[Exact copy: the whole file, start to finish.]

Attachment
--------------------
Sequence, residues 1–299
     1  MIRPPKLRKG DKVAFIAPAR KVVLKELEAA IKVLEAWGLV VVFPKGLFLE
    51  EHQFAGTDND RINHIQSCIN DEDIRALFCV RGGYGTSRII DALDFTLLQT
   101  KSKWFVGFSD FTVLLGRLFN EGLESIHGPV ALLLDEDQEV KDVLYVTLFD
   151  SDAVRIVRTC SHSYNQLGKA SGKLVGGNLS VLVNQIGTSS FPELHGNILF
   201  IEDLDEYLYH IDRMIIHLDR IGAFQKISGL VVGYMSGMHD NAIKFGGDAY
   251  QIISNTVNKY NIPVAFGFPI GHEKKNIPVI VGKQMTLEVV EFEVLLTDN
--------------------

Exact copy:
Sequence, residues 1–299
     1  MIRPPKLRKG DKVAFIAPAR KVVLKELEAA IKVLEAWGLV VVFPKGLFLE
    51  EHQFAGTDND RINHIQSCIN DEDIRALFCV RGGYGTSRII DALDFTLLQT
   101  KSKWFVGFSD FTVLLGRLFN EGLESIHGPV ALLLDEDQEV KDVLYVTLFD
   151  SDAVRIVRTC SHSYNQLGKA SGKLVGGNLS VLVNQIGTSS FPELHGNILF
   201  IEDLDEYLYH IDRMIIHLDR IGAFQKISGL VVGYMSGMHD NAIKFGGDAY
   251  QIISNTVNKY NIPVAFGFPI GHEKKNIPVI VGKQMTLEVV EFEVLLTDN